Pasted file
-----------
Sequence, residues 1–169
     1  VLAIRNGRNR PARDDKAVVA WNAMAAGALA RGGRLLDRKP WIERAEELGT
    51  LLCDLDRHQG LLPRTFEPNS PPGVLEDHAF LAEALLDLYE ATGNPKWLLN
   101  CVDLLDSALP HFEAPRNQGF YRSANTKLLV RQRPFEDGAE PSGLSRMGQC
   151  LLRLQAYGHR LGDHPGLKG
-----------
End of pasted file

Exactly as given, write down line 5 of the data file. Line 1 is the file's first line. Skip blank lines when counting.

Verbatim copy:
   151  LLRLQAYGHR LGDHPGLKG